The Scandinavian welfare states, along with the British, American, French, Dutch, and a few others, may perhaps owe their historical origin to the influence of the Catholic Church and the European conservative states following World War II. The European modern welfare state, however, came into existence by a collective vision of three people: Otto von Bismarck, William Beveridge and Thomas H. Marshall. The German welfare model of Chancellor Bismarck and the British social model of Beveridge and the social citizenship of Thomas Marshall are closely related to each other. Their collective approach to social order for an ideal society led to the creation of the welfare state in some 15 countries including Scandinavia within a short period of time. One of the most important figures who played a role in influencing the Scandinavian welfare model was British sociologist Thomas H. Marshall.

Born in Bloomsbury in 1893, Thomas Marshall was the fourth of six children in a middle-class British family. The editor of the of Encyclopaedia Britannica, Ben Jackson, described Marshal’s father as a successful architect in the UK, but young Marshall did not follow in his father’s footsteps. Marshall went to school at Rugby and furthered his studies in history at Trinity College, Cambridge. Like many youths with drive and dreams, Marshall developed strong social skills and the possibility of him becoming a diplomat, scholar, musician or politician was not far from reality. British historians describe Marshall as a man of energy, reasoning, and persuasive charm. His family prepared him for a diplomatic career. His scientific reasoning and passion for logical debates brought him even closer to the emerging discipline of sociology in the UK.

According to Jackson, in the summer of 1914, when he was only twenty years old, Marshall went to Germany to study German in preparation for a career in the British foreign service. Shortly after his arrival, WWI erupted and Marshall was arrested and interned as a prisoner of war at Ruhleben camp, near Berlin. He remained a civilian prisoner with nearly 4,000 other British citizens until the end of World War I. At the internment camp, Marshall read intensively, debated social topics and tutored inmates on politics and social justice. He finally returned to England in 1919. He considered his captivity a remarkable social experiment, as the experiences at the Ruhleben camp opened his eyes to the strata of society and the need for social citizenship. This awakened in him the concept of social welfare. It was at the Ruhleben camp he started to develop a truly social interest in equality. He often challenged camp inmates who were mainly merchant seamen, fishermen and traders. He wrote that from this time there was “a growing sociological curiosity about what was happening in me and around me.” Back in Britain, Marshall stood as a Labor candidate for Farnham in the 1922 general election. He was defeated and returned to Cambridge, realizing his temperament was not suitable for a career in politics. Realistically, Thomas Marshall was a man who had the passion to put ideas of social welfare into action. To change the circumstances, he went back to Cambridge to search for new ideas, a new direction, thinking about social change, and finding a job in social work.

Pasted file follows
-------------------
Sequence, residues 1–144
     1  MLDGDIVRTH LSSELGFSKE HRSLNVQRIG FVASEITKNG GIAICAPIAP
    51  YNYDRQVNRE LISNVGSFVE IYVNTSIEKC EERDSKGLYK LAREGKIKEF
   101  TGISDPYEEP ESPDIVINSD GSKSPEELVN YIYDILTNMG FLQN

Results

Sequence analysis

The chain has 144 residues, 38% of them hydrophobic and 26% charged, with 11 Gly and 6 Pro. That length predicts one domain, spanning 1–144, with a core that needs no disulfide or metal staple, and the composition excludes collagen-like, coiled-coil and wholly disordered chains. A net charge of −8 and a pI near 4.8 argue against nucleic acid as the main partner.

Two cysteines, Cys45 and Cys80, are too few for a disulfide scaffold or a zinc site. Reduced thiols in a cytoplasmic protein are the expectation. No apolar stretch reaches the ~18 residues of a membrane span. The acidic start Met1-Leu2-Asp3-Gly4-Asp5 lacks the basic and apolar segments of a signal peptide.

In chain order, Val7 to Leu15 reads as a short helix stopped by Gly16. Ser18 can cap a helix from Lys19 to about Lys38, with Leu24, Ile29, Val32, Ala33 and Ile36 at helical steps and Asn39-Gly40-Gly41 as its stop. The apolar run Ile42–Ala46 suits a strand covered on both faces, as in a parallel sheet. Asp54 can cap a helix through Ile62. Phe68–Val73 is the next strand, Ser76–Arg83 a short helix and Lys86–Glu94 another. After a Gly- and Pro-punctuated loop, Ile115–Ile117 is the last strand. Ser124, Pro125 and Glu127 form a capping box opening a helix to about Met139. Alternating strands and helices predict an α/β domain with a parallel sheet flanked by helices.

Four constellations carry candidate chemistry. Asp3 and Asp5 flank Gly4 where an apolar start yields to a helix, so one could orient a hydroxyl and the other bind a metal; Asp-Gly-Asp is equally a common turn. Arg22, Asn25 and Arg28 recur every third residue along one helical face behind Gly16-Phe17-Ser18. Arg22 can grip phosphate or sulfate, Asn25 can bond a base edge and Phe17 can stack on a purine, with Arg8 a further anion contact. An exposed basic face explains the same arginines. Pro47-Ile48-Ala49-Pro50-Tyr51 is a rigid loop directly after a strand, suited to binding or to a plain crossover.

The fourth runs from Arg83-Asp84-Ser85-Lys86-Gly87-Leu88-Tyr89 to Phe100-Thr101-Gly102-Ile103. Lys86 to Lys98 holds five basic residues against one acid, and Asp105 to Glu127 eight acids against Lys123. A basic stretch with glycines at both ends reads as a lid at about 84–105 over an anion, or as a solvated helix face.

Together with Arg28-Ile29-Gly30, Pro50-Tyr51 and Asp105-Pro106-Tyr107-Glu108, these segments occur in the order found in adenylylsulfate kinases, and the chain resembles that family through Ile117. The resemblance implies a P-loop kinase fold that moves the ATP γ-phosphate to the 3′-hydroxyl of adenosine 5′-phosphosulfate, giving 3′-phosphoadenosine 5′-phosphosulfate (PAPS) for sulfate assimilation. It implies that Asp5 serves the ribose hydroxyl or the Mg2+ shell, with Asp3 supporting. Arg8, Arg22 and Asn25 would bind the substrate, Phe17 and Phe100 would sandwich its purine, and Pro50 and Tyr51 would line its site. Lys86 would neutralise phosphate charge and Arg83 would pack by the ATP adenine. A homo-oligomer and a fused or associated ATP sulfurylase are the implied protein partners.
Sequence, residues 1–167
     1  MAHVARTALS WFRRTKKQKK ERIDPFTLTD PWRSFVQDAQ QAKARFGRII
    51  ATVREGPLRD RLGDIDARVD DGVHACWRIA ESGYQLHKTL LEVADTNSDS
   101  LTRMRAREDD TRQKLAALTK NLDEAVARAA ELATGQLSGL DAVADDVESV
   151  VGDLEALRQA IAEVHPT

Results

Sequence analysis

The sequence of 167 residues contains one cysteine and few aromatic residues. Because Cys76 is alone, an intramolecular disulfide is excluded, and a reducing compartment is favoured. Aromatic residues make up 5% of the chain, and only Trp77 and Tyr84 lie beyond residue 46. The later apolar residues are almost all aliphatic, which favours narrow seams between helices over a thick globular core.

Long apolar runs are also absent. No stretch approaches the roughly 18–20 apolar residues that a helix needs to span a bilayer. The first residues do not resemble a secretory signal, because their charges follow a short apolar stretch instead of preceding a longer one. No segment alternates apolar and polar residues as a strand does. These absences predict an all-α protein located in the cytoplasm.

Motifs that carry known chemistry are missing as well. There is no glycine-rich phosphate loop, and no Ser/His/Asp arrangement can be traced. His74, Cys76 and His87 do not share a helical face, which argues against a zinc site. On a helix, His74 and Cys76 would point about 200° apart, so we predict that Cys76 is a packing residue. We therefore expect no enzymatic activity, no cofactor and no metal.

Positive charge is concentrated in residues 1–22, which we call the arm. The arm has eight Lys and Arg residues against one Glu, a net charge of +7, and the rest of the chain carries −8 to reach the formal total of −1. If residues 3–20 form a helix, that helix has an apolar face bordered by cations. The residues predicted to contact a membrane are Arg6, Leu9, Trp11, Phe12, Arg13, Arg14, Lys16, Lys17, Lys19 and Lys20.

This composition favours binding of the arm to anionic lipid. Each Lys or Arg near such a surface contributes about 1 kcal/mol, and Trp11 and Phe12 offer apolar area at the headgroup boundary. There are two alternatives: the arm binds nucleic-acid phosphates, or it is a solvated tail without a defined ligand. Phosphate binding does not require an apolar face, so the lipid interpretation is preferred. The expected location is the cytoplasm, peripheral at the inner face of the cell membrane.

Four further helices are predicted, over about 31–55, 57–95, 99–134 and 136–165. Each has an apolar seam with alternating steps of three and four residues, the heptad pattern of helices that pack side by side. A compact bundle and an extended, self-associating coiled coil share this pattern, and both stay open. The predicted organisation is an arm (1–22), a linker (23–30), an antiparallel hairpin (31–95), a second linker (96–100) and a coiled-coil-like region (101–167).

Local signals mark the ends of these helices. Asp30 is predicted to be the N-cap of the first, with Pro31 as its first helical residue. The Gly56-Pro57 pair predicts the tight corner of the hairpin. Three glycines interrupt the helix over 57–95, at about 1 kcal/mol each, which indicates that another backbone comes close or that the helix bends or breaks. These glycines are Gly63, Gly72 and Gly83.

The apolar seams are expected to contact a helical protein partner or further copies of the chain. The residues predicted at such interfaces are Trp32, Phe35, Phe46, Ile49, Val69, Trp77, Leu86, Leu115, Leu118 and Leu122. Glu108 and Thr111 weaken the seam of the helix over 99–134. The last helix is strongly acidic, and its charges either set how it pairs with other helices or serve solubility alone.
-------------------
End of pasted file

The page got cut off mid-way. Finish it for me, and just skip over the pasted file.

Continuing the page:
In 1925, Marshall saw an advertisement in a local Cambridge newspaper for tutoring a group of students in social work at the London College of Economics. He responded to that ad and his journey into the field of sociology began. He initially tutored, then later was promoted lecturer and went on to become a professor of sociology in the late 1930s. He was the head of Department of Social Work at the London College of Economics and taught subjects on social rights and welfare such as childcare, healthcare, housing and elderly until he retired in 1956. His distinctive contribution was to introduce the concept of social rights, or what is referred to as welfare rights. He argued that the social right was something that had to be awarded to people not because of their class or need, but rather because of their citizenship status.

Thomas Marshall was a cheerful, energetic, and educated man who enjoyed a civilized private life with family and friends. Friendship, social justice, debate and music were his greatest gifts of character...

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